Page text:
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Sarah Broadhurst's view...
April 2011 Guest Editor Lesley Lokko on Jhumpa Lahiri...
She really is a writer who Can Do It All – from profound, involved and emotionally switched-on novels like The Namesake to short, snappy collections of life’s wonderful snippets in Unaccustomed Earth – she’s wonderful. Every time I read her I find myself putting the book down just to catch my breath...what a wordsmith! And she’s gorgeous. Not fair.
The Lovereading view...
Almost an American White Teeth as an Indian boy rejects his background until the death of his father and the breakdown of a relationship propels him back to his family and cultural roots. Cross-generational interaction and flashbacks hold you through a tale which is as much about parents and their difficulties settling into a completely different life, alien to them, as it is about their child, our hero, growing up American. It’s an interesting, absorbing read.
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The Namesake by Jhumpa Lahiri
'When her grandmother learned of Ashima's pregnancy, she was particularly thrilled at the prospect of naming the family's first sahib. And so Ashima and Ashoke have agreed to put off the decision of what to name the baby until a letter comes…'
For now, the label on his hospital cot reads simply BABY BOY GANGULI. But as time passes and still no letter arrives from India, American bureaucracy takes over and demands that 'baby boy Ganguli' be given a name. In a panic, his father decides to nickname him 'Gogol' – after his favourite writer.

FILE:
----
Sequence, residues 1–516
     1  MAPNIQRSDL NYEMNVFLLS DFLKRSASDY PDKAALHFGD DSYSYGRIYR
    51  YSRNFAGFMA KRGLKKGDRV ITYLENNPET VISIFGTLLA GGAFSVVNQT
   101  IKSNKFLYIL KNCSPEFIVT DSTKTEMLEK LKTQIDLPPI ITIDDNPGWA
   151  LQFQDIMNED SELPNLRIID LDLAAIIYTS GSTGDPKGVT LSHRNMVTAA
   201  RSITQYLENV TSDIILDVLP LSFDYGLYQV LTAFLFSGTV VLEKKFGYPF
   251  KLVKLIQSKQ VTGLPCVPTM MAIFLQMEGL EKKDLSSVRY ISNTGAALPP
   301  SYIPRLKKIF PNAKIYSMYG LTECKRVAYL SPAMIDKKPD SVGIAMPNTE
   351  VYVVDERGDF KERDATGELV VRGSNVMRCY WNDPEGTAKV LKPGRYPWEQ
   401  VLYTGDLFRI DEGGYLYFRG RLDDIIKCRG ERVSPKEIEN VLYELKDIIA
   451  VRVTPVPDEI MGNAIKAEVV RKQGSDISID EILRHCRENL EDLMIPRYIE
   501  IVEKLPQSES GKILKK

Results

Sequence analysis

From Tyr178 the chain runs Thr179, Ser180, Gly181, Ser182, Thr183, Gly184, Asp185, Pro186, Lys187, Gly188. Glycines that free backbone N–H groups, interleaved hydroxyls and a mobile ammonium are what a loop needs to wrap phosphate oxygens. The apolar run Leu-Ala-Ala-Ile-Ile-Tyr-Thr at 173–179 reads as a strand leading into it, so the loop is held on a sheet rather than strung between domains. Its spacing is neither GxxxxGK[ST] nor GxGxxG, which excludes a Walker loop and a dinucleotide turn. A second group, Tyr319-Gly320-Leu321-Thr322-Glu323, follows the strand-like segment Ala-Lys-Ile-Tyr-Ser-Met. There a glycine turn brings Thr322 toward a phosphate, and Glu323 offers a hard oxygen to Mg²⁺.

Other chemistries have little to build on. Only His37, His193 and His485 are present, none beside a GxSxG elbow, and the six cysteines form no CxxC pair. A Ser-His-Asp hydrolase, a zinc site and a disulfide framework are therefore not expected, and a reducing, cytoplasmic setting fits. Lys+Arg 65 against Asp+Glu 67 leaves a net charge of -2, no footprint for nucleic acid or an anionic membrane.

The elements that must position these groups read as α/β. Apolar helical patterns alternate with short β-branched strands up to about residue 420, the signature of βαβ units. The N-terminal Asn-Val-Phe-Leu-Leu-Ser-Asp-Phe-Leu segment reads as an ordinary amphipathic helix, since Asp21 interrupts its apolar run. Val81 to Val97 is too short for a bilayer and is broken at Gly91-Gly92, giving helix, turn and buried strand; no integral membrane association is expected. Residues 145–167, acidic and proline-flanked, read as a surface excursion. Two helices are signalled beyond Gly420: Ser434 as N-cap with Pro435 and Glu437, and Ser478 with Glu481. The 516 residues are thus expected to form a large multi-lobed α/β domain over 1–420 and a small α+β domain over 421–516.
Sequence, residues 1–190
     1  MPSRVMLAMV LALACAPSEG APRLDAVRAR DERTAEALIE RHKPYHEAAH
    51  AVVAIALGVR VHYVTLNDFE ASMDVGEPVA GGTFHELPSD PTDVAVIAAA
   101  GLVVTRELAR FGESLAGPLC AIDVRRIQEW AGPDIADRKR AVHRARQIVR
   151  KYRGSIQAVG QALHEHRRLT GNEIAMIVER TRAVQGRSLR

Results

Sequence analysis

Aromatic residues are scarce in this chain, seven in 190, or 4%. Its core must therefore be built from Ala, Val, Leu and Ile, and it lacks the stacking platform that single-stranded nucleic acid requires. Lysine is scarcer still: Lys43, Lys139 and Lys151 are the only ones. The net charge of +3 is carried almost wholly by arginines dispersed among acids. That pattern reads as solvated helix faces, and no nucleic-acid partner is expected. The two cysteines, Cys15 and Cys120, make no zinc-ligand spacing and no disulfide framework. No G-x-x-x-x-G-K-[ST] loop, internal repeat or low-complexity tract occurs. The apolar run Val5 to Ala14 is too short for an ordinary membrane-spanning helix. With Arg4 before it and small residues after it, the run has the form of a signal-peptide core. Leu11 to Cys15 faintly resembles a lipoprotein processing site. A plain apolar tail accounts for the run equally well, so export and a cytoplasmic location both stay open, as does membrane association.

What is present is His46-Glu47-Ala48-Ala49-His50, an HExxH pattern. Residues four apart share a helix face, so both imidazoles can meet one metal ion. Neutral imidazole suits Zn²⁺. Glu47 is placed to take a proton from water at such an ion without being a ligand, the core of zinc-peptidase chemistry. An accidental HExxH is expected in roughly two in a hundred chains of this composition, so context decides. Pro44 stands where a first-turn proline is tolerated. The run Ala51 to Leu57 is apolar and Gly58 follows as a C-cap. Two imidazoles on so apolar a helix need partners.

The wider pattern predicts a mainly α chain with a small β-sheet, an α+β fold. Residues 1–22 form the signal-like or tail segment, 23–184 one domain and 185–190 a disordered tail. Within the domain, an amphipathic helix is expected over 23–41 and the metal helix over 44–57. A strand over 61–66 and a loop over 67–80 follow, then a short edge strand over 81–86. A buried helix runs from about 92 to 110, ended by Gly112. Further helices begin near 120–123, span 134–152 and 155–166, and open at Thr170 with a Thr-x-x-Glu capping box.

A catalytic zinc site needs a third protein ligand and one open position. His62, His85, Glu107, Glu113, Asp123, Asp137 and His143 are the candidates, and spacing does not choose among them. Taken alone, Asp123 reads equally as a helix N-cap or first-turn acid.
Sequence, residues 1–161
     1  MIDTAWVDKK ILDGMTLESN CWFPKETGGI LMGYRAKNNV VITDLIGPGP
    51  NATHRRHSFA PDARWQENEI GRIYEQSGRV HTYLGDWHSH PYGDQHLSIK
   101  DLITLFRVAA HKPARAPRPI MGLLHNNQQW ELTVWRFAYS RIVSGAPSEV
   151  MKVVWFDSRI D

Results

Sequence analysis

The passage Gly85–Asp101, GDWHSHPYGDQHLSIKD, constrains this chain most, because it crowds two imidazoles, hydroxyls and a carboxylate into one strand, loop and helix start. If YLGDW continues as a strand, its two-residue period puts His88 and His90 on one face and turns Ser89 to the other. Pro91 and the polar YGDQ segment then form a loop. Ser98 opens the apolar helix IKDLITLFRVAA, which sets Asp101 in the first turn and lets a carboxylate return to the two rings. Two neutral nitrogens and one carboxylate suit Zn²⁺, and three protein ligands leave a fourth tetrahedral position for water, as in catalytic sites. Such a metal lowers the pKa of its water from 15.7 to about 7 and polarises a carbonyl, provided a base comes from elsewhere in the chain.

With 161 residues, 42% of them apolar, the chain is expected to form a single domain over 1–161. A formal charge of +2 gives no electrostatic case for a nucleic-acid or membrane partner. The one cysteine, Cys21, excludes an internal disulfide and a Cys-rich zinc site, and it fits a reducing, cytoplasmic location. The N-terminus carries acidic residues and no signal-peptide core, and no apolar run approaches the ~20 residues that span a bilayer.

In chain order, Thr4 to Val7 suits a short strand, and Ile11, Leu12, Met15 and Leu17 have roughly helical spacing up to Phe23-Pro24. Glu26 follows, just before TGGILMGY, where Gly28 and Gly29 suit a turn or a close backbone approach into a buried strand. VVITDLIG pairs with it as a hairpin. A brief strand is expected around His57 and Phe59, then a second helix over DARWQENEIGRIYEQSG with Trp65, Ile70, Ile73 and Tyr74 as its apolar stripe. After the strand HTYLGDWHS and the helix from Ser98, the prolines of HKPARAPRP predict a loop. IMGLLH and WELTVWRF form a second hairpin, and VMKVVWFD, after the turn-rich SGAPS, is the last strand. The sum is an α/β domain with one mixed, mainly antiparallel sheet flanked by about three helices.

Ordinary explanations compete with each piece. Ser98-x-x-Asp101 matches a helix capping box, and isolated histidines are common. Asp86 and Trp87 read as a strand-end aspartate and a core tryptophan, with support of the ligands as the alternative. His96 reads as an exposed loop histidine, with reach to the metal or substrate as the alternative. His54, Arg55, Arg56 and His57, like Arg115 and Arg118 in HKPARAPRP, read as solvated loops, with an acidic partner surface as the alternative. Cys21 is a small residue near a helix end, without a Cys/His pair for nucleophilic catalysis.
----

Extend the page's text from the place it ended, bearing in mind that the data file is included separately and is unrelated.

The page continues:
Brought up as an Indian in suburban America, Gogol Ganguli soon finds himself itching to cast off his awkward name, just as he longs to leave behind the inherited values of his Bengali parents. And so he sets off on his own path through life, a path strewn with conflicting loyalties, love and loss…
Spanning three decades and crossing continents, Jhumpa Lahiri's much-anticipated first novel is a triumph of humane story-telling. Elegant, subtle and moving, The Namesake is for everyone who loved the clarity, sympathy and grace of Lahiri's Pulitzer Prize-winning debut story collection, Interpreter of Maladies.
‘A joy to read.’
'Gracious….in refined, empathetic prose…each of Lahiri's characters patches together their own identity, making this resonant fable neither uniquely Asian nor uniquely American, but tenderly, wryly human.' Hephzibah Anderson,
‘This is certainly a novel that explores the concepts of cultural identity, of rootlessness, of tradition and familial expectation…but …it never succumbs to the cliches those themes so often entail. Instead, Lahiri turns it into something both larger and simpler: the story of a man and his family, of his life and hopes, loves and sorrows. She has a talent – magical, sly, cumulative – that most writers would kill for.’ Julie Myerson,
About the Author
Publication date4th July 2004
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CategoriesModern & contemporary fiction (post c 1945)
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